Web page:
Herein below, an optional method for determining the position of the diaphragm 10 will be described with reference to FIG. 4. The N image dots of an X-ray image of the irradiation window 3, which lie next to one another in the transverse direction, are binned in a first step of the method to form a mean gray value. A one-dimensional profile of the gray values G determined in this way then remains in the x direction, said profile being represented by the curve 20 in FIG. 4. In this connection, the binning leads to a reduction in the noise level with a reduction factor of N0.5. A curve 21 with two different levels can be adapted to the gray value profile 20 using a curve fitting algorithm. The step position xz of this curve 21 and the width B of the transition zone between the low level of gray values G and the high level of gray values G in the original curve 20 can then be used to quantitively describe the current position xz of the diaphragm 10. Furthermore, the height H of the gray value stage together with the noise level can be used to derive a quality measure for the determined diaphragm position xz.

The accuracy which can in principle be achieved with the system is only restricted by the spatial resolution of the X-ray device, which is usually sufficiently high. By contrast to conventional breathing sensors, such as for example a marker on the sternum, a chest strap or the like, the described method is simpler to carry out and less prone to error. Furthermore, with the method there is no attempt to determine a breathing phase (requiring additional information for determining the movement and deformation of an organ of interest), but rather the effect of the breathing is determined directly with respect to a movement of the diaphragm, which in turn is closely related to the movement of the organ of interest (heart, liver, etc.). In particular, therefore, there is also no need for any additional information about the type of breathing (chest breathing, abdominal breathing) since the position of the diaphragm directly reflects the displacement of the adjoining organs.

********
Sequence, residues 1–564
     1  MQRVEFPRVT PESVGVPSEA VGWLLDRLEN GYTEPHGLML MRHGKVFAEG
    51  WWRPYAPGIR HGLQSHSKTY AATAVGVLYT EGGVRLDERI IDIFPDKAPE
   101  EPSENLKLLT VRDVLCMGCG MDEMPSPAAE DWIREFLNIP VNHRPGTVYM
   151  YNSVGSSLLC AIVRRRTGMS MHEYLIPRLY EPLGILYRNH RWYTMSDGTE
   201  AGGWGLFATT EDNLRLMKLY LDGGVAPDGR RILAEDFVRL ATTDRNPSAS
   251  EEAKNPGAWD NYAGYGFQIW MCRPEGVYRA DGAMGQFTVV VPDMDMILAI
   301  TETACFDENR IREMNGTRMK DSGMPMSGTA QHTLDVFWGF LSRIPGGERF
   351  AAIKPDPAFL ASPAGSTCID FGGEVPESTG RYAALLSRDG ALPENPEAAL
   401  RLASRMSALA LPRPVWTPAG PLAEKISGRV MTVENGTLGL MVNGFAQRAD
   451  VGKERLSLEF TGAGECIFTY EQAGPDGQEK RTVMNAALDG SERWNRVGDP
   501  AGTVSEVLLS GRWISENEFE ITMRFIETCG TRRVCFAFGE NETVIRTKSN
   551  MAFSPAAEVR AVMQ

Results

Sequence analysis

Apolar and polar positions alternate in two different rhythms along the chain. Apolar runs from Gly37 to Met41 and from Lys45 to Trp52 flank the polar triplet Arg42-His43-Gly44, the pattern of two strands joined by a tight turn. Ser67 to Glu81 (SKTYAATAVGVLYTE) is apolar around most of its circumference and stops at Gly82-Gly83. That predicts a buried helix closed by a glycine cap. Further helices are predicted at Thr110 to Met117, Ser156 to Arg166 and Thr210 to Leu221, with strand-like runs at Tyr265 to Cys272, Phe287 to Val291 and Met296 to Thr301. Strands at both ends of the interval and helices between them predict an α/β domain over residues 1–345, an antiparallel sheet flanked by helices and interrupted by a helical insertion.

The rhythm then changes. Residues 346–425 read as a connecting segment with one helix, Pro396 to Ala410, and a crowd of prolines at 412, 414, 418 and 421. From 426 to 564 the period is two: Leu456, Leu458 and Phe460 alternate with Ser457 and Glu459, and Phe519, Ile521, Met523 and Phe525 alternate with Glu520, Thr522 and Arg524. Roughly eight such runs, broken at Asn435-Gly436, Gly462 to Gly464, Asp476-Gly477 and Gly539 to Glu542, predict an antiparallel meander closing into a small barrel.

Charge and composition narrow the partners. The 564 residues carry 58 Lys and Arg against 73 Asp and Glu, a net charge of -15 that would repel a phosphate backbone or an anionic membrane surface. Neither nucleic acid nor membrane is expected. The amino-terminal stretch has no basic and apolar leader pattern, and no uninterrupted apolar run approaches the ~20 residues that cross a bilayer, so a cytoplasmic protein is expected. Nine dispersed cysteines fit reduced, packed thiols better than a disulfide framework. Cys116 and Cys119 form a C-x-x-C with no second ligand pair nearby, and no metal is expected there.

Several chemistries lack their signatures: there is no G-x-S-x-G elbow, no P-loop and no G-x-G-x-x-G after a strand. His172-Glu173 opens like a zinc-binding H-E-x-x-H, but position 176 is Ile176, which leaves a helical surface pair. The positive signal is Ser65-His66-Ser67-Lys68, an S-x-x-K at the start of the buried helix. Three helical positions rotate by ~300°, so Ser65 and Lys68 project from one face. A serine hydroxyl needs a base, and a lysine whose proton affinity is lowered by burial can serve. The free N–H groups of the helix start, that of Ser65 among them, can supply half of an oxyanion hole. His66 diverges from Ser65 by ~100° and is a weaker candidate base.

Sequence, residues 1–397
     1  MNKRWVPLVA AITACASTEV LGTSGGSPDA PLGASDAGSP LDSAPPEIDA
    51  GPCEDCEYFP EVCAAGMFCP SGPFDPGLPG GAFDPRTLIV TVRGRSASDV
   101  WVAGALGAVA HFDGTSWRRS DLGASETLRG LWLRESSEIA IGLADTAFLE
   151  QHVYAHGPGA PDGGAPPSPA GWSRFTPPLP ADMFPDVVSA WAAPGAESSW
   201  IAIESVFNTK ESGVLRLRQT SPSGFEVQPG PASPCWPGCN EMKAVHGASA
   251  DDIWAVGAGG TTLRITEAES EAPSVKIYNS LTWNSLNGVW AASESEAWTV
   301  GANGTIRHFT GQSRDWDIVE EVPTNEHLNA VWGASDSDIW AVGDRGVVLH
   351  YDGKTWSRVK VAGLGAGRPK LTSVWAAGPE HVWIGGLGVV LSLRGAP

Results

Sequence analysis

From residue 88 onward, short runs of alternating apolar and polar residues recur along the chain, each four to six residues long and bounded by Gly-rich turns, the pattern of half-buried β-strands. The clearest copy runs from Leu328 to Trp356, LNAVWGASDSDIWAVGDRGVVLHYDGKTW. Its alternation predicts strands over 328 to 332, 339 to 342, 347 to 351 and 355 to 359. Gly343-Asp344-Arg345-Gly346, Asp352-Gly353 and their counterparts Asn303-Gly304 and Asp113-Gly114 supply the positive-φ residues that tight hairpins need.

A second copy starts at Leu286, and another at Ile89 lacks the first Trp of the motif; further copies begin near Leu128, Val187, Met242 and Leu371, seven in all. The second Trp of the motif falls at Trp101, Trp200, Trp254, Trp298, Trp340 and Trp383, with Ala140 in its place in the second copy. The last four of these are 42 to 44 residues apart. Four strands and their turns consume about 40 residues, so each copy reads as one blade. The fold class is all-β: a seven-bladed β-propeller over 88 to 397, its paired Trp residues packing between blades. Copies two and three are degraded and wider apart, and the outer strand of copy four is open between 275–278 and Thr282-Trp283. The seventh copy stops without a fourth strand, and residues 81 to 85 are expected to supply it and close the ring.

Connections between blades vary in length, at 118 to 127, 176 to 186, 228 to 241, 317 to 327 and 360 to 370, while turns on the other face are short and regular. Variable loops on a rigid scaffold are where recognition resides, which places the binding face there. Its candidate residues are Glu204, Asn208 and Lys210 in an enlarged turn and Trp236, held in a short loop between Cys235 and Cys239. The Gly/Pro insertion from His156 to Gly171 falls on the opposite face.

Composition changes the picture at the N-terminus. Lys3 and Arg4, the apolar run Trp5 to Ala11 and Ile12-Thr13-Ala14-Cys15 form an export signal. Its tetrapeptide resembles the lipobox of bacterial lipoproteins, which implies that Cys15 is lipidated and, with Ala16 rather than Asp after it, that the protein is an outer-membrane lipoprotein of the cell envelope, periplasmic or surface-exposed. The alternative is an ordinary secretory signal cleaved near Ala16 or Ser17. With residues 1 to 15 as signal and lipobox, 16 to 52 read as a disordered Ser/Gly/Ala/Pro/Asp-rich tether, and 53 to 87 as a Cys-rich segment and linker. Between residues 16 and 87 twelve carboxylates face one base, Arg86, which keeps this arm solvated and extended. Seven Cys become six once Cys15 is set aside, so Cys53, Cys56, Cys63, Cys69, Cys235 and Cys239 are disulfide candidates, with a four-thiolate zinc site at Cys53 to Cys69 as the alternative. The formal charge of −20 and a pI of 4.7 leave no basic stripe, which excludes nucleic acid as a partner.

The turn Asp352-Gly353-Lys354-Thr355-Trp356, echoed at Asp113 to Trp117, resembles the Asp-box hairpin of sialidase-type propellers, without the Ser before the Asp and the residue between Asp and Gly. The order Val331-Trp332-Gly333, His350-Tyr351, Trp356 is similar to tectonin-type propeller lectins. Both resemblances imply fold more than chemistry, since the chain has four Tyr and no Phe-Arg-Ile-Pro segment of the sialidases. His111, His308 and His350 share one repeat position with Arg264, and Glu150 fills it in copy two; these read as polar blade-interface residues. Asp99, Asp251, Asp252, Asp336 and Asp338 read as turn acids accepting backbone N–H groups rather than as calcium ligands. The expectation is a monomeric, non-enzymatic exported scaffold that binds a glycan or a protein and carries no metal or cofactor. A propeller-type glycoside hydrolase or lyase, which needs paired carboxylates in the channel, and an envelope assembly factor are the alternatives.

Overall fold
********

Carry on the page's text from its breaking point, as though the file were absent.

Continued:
FIG. 2 shows an alternative system for determining the position of the diaphragm. The same references as in FIG. 1 denote the same components, so that reference may be made to what has been stated above in this respect. By contrast with FIG. 1, the system of FIG. 2 comprises an ultrasound device 8 which is coupled to the data processing device 6. The ultrasound device 8 produces ultrasound images of the diaphragm, one of which is shown schematically on the monitor 7. The quantitative determination of the diaphragm position from the ultrasound image may take place in a similar manner to that described above with reference to FIGS. 3 and 4 for the X-ray image. By determining the diaphragm position by means of ultrasound, the patient 4 is not exposed to any X-ray radiation at all.

The use of the ultrasound device 8 is moreover also suitable for combination with methods which monitor the overall position of the body of the patient 4. Such methods may analyze for example the ultrasound signals arising from reflections of suitable body zones of the patient. Alternatively, an ultrasound device may also be fixed to the body of the patient 4 (for example by means of a strap), the ultrasound device then being monitored with the aid of an additional movement sensor or a locating device.